6.012 is the header course for the department's "Devices, Circuits and Systems" concentration. The topics covered include: modeling of microelectronic devices, basic microelectronic circuit analysis and design, physical electronics of semiconductor junction and metal-on-silicon (MOS) devices, relation of electrical behavior to internal physical processes, development of circuit models, and understanding the uses and limitations of various models. The course uses incremental and large-signal techniques to analyze and design bipolar and field effect transistor circuits, with examples chosen from digital circuits, single-ended and differential linear amplifiers, and other integrated circuits. 6.012 is the header course for the department's "Devices, Circuits and Systems" concentration. The topics covered include: modeling of microelectronic devices, basic microelectronic circuit analysis and design, physical electronics of semiconductor junction and metal-on-silicon (MOS) devices, relation of electrical behavior to internal physical processes, development of circuit models, and understanding the uses and limitations of various models. The course uses incremental and large-signal techniques to analyze and design bipolar and field effect transistor circuits, with examples chosen from digital circuits, single-ended and differential linear amplifiers, and other integrated circuits.Subjects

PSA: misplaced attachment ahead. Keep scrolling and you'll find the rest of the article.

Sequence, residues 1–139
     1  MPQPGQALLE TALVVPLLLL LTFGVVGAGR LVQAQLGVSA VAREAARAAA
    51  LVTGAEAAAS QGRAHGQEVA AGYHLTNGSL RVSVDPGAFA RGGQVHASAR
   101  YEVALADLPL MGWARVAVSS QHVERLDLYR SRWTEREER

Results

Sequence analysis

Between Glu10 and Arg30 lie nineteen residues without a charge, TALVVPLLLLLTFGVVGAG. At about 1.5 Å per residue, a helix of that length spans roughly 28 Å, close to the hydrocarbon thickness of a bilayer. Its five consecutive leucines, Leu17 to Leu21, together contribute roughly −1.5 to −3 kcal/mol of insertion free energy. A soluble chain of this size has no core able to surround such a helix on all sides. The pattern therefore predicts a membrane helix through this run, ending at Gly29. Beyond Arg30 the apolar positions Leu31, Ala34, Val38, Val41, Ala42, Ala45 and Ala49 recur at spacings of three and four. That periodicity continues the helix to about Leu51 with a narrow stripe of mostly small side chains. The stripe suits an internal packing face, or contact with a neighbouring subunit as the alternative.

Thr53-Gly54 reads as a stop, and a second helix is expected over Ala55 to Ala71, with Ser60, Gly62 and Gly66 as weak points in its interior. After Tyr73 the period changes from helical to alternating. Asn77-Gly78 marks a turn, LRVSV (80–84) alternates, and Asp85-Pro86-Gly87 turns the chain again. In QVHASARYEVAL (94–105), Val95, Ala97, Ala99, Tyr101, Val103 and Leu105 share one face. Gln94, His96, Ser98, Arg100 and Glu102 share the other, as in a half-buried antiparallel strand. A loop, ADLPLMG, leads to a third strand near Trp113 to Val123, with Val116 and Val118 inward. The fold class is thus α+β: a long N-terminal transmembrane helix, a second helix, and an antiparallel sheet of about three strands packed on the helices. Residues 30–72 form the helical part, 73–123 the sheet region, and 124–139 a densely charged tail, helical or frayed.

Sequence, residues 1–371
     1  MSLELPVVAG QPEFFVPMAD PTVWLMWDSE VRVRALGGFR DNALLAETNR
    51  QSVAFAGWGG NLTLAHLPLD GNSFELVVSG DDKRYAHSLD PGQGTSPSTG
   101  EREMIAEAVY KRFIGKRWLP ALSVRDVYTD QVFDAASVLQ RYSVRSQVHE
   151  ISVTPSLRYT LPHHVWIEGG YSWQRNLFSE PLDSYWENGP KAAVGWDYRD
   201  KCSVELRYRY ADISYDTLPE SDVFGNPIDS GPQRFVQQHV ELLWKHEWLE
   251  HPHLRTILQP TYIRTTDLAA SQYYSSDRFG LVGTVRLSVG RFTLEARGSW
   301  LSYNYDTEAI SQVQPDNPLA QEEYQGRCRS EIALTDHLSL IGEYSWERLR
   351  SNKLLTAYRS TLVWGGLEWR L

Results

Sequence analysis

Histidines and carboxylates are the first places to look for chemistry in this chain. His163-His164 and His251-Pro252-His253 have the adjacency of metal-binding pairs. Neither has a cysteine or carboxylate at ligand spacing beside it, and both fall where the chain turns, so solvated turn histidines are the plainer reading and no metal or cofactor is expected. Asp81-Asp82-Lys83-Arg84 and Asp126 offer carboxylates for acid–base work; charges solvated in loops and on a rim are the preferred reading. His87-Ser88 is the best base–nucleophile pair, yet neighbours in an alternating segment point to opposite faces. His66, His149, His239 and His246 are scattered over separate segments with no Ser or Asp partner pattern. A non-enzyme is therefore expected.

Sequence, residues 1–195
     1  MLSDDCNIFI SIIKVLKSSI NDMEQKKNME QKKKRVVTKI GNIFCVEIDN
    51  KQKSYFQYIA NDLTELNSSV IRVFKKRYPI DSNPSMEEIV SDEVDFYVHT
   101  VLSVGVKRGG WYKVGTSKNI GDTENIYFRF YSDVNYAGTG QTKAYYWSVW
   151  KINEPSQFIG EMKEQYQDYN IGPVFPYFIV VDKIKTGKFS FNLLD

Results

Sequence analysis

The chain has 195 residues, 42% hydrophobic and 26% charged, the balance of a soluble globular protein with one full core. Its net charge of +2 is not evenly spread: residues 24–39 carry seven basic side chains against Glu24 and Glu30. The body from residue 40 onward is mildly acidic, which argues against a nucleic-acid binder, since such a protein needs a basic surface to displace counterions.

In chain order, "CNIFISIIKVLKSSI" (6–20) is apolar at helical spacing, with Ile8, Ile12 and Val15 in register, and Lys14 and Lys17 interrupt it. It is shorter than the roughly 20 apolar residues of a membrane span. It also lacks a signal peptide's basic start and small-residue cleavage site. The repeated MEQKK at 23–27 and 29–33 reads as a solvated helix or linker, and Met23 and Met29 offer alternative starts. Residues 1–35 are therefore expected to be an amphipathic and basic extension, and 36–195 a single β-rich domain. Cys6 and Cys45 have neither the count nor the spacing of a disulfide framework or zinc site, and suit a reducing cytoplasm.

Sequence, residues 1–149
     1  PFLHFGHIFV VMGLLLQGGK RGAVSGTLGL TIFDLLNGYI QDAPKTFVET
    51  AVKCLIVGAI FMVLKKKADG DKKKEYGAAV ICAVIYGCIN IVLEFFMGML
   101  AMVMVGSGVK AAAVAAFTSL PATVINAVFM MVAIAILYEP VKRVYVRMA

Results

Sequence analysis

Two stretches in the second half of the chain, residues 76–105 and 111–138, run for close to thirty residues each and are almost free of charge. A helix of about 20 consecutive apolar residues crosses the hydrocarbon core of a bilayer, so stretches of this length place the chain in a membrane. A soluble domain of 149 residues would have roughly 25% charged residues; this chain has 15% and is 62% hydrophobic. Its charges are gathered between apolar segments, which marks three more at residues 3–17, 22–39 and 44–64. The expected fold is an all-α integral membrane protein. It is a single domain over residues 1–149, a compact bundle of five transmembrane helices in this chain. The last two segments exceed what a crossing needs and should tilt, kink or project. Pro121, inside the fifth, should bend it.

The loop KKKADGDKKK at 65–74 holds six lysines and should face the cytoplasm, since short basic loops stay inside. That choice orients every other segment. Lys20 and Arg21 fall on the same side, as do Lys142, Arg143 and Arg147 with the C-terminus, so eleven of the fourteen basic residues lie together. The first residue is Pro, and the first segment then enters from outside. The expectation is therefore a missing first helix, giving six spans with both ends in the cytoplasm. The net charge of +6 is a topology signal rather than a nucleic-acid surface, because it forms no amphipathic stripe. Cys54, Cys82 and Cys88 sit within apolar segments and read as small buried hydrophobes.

semiconductor | semiconductor | integrated circuit | integrated circuit | p-n junction | p-n junction | mos | mos | mosfet | mosfet | digital logic | digital logic | nmos | nmos | cmos | cmos | bipolar junction transistor | bipolar junction transistor | single stage amplifier | single stage amplifier | frequency domain analysis | frequency domain analysis | common emitter | common emitter | multistage amplifier | multistage amplifier | intrinsic semiconductors | intrinsic semiconductors | electrons | electrons | holes | holes | carrier transport | carrier transport | 60mV rule | 60mV ruleLicense

Content within individual OCW courses is (c) by the individual authors unless otherwise noted. MIT OpenCourseWare materials are licensed by the Massachusetts Institute of Technology under a Creative Commons License (Attribution-NonCommercial-ShareAlike). For further information see http://ocw.mit.edu/terms/index.htmSite sourced from